While the authors focused on the limitations/vulnerabilities of cryptographic schemes and data models, to get the full picture on how these privacy techniques compare, I don’t get a sense of how much the average user (in Bitcoin and other cryptocurrency) behaves to bolster their privacy or how much of a knowledge gap exists for this stakeholder. I imagine in some cases, adversaries hope or somehow know how well users are ignorant to these techniques.


Thank you for this summary, I have had it on my radar for a while now as I learn more about the inter-relations between blockchain and privacy.

Is this absolute? Many seem to prefer to use the term pseudonymous when referring to privacy in bitcoin because with some crypto forensics, it is possible to do an unveiling. The website also highlights this and suggests using an address only once: Protect your privacy - Bitcoin. All of which the authors highlight and you mention in the summary.

How does the privacy-preserving techniques the authors discuss impact multi-sig wallets and transactions? Was this discussed in the paper? If not, what are your opinions?

This relates to my question above. Aren’t bitcoin transactions traceable by default, unless some privacy-preserving techniques are adopted?

And considering most of these techniques require technical know-how, and may be expensive as you and Tania have mentioned, do you have any suggestions to improve user experience?


I found this summary very interesting, because at a high level there are some significant parallels when it comes to maintaining confidentiality in qualitative social science research. The name escapes me, but there was a relatively famous example in qualitative research ethics where a researcher went into a relatively remote community and anonymized all of the participants when writing a book on it. However, when people in that community read the book they were able to deanonymize most of the participants because they were able to recognize certain contexts or opinions, and link it back to the pseudonyms to get a full picture of what they’d told the researcher in confidence. This resulted in significant ructions in the community, and is now used as an example when teaching research ethics.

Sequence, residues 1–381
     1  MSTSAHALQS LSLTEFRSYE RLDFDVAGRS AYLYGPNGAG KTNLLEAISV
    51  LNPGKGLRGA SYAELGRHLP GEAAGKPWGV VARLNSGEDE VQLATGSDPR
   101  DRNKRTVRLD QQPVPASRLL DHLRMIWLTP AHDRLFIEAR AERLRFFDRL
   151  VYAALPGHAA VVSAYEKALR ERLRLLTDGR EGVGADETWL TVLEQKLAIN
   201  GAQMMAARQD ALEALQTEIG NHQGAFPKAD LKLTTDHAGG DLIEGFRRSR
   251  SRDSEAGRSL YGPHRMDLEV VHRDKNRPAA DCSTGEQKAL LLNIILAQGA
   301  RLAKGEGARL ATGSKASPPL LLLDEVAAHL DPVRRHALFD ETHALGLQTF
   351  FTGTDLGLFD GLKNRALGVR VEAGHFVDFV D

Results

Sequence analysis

Privacy preserving techniques on blockchains appear to suffer from similar problems. As the main post noted, there is a very big difference between theoretically guaranteeing privacy, and the outcomes generated in practice which are less deterministic.

@Fizzymidas I think your interpretations are correct here. Bitcoin and many blockchains are remarkably transparent, in ways that are becoming increasingly dangerous. I don’t think there are any easy or deterministic solutions here.


This reminds me of a statement that “privacy is not secrecy”.


Yeah, there’s a lot of nuance to this topic.

Paradoxically, both privacy and transparency are really important, though opposing concepts. We need both, but at different levels in different contexts. We’ve just seen the damage a lack of transparency can do when big players make bad decisions (ie 3 Arrows Capital).


Thank you for a detailed summary.

I see privacy in blockchain transactions as a double-edged word.

Looking at it from the perspective of a user, privacy is very important as it protects users against phishing attacks and cyber-extortion threats.

But looking at it from the perspective of government and regulatory institutions, privacy preserving blockchain networks have been used to perpetrate various crimes. Privacy Coins in 2019: True Financial Freedom or a Criminal's Delight?
Consequently, creating problems for these institutions.

Privacy issues are one big factor slowing down blockchain adoption. ‘People Will Get Burned’: Matt Odell on the Long Road to Bitcoin Privacy. Take for instance this year, Binance disabled the deposit and withdrawal of all Litecoin using the MimbleWimble extension blocks (MWEB). Notice on Deposits and Withdrawals of Litecoin (LTC) Utilizing MimbleWimble Extension Blocks (MWEB) | Binance Support. Mimblewimble is a blockchain privacy preserving protocol.

So the questions now are :

  1. Is achieving full privacy in blockchain not a utopian idea as governments stand in the way trying to protect its own interest?

  2. Would this “policing” not be detrimental to adoption of blockchain technology in the long run?


Thank you for your comment @Ulysses. Privacy is really a sword with multiple edges. There is usually a constant battle between respecting and promoting privacy rights and protecting other governments’ interests. The impact of regulations on the Blockchain cannot be underestimated, this is why more research must be conducted in this area, and advocacy work be done between stakeholders and the government.